edited by Euthymia D. Hibbs, Ph.D., and Peter S. Jensen, M.D. Washington, D.C., American Psychological Association, 2005, 839 pp, $69.95.
What is easiest to measure gets measured and quantified and called real and scientific, especially in a complex field such as child and adolescent psychiatry. In an unfortunate contrast, what is far harder and takes far longer to measure gets measured very little and inadequately and is, in many respects, referred to as, and considered, unscientific or unimportant or unreal. This is true not just of the public but also of a great many of our colleagues. Although understandable, it is dangerous for our field.
In our era of innumerable articles on medicating symptoms, of managed care pressures, and of biological reductionism, it is valuable and even rather noble at least to try to measure some important things and clusters of things that are likely to be of vital interest to mental health and illness but are hard to measure, such as psychosocial treatments of child and adolescent psychiatric disorders. Of course successes in such areas are usually modest, but that should be taken not as a failure but as a realistic major challenge.
The book is large and reviews quite a few recently published so-called evidence-based studies of various psychosocial treatments for some child and adolescent psychiatric problems. Although it leaves out a great deal of important child and adolescent psychiatric understanding, research, prevention, and treatment, it contains summaries of many good and some complex ideas about treating youths and can serve as a reasonable review of several areas and theories in recent psychosocial treatment research. This book will be beneficial to many researchers and probably to NIMH grant-awarders and, far more obliquely, to some clinicians.
The majority of the book is devoted to chapters by many teams of authors, far more of them psychologists than psychiatrists. There are sections on treatments of anxiety disorders, affective and related disorders, attention deficit hyperactivity disorder, socially disruptive behaviors and conduct disorders, autistic disorders, and treatments not specific to a particular disorder. Several of the chapters embody energetic and many-sided treatments and interesting comparison groups dealing with several relevant systems at once. However, the large number of youth who do not fit into neat single diagnostic categories and/or who have additional qualities that the researchers consider disqualifying are given only brief discussion, which is common in such summaries of research.
The book contains two particularly useful introductory chapters and one epilogue that sensibly sketch or suggest a few attempts to put into context treatments for the diagnoses outlined above. One might be disappointed that the introduction and epilogue are not more detailed, with discussions of sympathetic but proper scientific skepticism of essential topics contained in the book—topics such as “evidence-based,” a currently popular and benign-sounding phrase that embodies many meanings and problems and remains somewhat propagandistic and smug; the great gaps in recent progress and knowledge, including the large areas of exclusion and ignorance around small segregated articles in the book; the problems of multiple overlapping imperfect diagnoses, combined with major relevant family and sociocultural factors; the problems of short follow-up times (3 months or even 1 year in child and adolescent work is considered long by many researchers but very short by many clinicians); the dilemma of integrating biopsychosocial understanding and prevention and treatment; the large and, in my view, deep and multi-sided problem of researchers versus clinicians.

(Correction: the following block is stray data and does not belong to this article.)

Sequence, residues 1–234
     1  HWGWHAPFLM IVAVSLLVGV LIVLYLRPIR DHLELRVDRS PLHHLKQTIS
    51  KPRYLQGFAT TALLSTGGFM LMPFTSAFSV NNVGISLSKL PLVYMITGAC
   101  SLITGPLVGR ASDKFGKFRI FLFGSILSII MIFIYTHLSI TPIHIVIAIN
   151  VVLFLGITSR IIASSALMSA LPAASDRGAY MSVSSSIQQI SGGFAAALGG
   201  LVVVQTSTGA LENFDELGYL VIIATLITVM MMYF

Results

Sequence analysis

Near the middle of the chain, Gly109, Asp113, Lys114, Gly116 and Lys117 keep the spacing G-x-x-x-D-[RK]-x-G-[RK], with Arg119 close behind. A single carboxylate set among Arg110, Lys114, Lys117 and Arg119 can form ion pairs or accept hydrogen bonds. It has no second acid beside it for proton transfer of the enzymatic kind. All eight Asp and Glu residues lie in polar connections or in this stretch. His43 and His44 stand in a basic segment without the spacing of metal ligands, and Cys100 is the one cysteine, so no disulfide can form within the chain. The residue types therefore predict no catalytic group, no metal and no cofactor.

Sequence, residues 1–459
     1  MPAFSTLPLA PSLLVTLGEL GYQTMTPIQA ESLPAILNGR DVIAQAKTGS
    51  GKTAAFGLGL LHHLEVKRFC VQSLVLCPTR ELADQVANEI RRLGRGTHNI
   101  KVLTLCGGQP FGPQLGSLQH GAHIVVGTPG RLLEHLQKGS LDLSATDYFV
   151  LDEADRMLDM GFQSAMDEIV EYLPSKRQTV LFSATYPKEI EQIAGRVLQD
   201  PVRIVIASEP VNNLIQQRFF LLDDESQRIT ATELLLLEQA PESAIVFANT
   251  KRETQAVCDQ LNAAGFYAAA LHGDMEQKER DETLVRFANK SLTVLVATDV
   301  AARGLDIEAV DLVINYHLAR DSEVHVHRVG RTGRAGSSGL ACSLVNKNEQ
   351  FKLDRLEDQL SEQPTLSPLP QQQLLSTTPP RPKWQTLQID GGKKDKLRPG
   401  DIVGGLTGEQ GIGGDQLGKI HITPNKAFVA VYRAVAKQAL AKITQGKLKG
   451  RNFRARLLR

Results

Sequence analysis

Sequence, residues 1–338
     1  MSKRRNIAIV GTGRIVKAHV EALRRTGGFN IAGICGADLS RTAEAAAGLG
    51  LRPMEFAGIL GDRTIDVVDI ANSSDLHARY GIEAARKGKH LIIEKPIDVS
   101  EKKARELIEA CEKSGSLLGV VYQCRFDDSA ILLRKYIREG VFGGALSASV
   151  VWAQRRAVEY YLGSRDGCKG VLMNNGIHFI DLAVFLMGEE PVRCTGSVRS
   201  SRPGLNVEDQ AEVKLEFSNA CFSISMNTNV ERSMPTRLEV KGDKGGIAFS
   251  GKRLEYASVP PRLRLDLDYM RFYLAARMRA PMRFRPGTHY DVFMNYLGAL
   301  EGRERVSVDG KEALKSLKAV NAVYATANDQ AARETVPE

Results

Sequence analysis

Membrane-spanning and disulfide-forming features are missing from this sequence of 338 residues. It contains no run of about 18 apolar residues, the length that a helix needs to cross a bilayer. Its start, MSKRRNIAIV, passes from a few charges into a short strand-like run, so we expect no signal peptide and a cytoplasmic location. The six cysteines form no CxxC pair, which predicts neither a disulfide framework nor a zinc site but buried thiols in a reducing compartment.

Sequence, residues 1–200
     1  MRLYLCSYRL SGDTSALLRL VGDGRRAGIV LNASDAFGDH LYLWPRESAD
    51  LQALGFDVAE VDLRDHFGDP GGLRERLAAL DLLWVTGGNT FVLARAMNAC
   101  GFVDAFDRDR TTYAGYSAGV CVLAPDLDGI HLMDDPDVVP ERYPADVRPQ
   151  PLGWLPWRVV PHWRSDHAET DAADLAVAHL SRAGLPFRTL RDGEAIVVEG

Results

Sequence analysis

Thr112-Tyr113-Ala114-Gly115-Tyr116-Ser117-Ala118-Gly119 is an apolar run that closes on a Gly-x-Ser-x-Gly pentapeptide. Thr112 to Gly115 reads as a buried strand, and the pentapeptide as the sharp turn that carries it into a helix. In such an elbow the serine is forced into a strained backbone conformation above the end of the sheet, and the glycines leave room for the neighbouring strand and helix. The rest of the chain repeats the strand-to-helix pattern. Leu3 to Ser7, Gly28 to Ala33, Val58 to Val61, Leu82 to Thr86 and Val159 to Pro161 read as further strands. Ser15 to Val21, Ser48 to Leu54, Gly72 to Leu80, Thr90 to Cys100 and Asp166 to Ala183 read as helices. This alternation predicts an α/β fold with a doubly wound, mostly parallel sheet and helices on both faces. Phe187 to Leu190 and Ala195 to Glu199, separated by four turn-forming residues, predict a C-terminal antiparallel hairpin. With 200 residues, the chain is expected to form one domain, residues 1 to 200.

Hibbs and Jensen helpfully point out some changes they have made to the book since the first edition. Likewise, they suggest the need for subtler and more useful comparison groups for understanding which components in therapies are efficacious, for combining child and adult understanding and therapies, for coping with individual variations in patients, for dealing with cultural factors, for trying comprehensive treatments and public health approaches, and for confronting researcher/therapist division. They are perhaps a bit brief in considering the possible usefulness of combining psychosocial therapies with medication therapies. They do, however, commendably urge scientists to design and engage in new research programs that will gradually take more complexity, more individual reality, and various commonly practiced treatments into account.